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Theatre review: Rendition Monologues/Poverty Monologues

RENDITION MONOLOGUES

ST JOHN'S CHURCH (VENUE 127)

POVERTY MONOLOGUES

THE SPACE@VENUE 45 (VENUE 45)

IN MOST western countries, we take for granted the existence of some kind of rule of law, however flawed. But to those who, since 2001, have fallen victim to the system of "extraordinary rendition" operated by many western powers and their allies, it often seems as though they have slipped through the safety net of basic civil rights into a strange transnational limbo; a lawless global no man's land which has no way of correcting its errors, and no mechanism for dealing justly and decently with those who fall under suspicion.

Rendition Monologues, playing at St John's Church this week – and also part of the Edinburgh Festival of Spirituality & Peace – hardly constitutes a play. The show, staged by human rights specialists Iceandfire Theatre, simply presents four verbatim testimonials by men – including the British resident Binyam Mohammed, held for more than four years at Guantanamo Bay – who have fallen foul of this global system of kidnap, forced transportation, interrogation and frequent torture.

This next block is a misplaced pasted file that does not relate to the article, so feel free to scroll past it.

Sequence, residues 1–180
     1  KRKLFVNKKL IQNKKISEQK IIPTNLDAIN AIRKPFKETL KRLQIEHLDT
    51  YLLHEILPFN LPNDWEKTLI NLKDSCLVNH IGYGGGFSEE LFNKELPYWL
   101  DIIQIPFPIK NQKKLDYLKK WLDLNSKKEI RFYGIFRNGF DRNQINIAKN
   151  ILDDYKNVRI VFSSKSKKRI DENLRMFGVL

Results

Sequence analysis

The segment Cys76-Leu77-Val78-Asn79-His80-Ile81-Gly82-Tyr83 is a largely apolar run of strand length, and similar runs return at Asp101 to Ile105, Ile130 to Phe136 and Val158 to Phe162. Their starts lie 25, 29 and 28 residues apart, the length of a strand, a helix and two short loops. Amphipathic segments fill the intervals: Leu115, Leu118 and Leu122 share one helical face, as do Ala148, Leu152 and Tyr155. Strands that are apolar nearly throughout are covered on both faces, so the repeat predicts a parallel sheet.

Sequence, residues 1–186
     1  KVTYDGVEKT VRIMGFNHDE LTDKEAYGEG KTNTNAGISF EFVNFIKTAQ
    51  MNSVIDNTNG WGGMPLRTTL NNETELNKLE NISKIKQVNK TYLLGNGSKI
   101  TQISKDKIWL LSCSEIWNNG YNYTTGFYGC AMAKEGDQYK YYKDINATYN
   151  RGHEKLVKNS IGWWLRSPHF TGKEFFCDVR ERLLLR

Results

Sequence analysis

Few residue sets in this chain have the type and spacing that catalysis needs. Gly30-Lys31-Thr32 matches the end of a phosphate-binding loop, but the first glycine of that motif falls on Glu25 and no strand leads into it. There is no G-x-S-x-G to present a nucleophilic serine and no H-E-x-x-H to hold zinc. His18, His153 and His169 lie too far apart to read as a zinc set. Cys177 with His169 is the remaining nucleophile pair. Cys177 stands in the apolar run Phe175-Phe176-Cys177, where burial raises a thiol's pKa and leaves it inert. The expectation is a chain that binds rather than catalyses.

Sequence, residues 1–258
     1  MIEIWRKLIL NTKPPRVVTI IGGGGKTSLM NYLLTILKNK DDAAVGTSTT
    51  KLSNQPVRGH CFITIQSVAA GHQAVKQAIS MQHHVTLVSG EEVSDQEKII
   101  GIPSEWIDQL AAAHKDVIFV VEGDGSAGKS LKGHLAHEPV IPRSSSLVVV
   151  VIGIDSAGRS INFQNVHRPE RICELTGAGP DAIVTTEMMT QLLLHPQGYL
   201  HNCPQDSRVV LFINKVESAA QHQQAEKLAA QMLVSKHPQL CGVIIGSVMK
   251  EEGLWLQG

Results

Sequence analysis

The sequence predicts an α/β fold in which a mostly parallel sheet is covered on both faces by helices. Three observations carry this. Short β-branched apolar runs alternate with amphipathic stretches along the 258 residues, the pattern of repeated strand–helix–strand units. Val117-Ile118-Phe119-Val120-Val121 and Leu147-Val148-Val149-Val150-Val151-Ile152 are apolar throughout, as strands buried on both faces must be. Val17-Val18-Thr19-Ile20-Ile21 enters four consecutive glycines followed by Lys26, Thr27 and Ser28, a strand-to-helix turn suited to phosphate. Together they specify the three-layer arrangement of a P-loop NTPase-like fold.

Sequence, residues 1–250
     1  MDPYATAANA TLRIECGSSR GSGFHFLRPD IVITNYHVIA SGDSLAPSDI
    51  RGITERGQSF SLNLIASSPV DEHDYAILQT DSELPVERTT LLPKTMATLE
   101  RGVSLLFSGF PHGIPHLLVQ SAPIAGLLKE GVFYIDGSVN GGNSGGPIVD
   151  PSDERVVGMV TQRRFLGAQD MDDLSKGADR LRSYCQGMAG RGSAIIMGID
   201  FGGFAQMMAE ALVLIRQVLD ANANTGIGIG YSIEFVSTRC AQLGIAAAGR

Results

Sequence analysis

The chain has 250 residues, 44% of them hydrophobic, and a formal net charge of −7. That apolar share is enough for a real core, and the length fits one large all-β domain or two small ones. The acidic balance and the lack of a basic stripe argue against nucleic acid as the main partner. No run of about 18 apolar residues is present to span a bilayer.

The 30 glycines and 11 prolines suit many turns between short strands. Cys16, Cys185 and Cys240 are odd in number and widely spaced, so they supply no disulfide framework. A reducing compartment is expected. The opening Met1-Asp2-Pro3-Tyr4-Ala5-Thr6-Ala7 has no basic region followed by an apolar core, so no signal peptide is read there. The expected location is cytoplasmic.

But the content of their stories is enough to shame everyone involved in operating or condoning a system which exists purely to facilitate illegal forms of prisoner abuse.

The show features a beautiful original score by composer and pianist Michael Edwards, played by himself and cellist Jeremy Tiang, and five striking performances, notably from Ery Nzaramba as Binyam Mohammed; and if the Fringe is partly about giving a voice to those who struggle to make themselves heard, then this show fulfils that purpose with impressive force and integrity.

Platform 2's Poverty Monologues, completing a short run at Venue 45, also seeks to highlight global injustice, through a series of monologues performed and mostly written by eight young people who have been involved in anti-poverty projects in Ghana, South Africa, India and Peru.

The content of the show is often fresh and thought-provoking, from the little girl watching the bulldozing of her South African township to the fears of an Indian mother with a disabled son. But the format is finally too bitty and cabaret-like to do justice to the seriousness of the material – as if the company were trying to tell the story of a great global tragedy in the form of a lightweight student sketch-show.

JOYCE MCMILLAN

Rendition Monologues until tomorrow, today 4pm; Poverty Monologues until today, 6:30pm.

 
 
 

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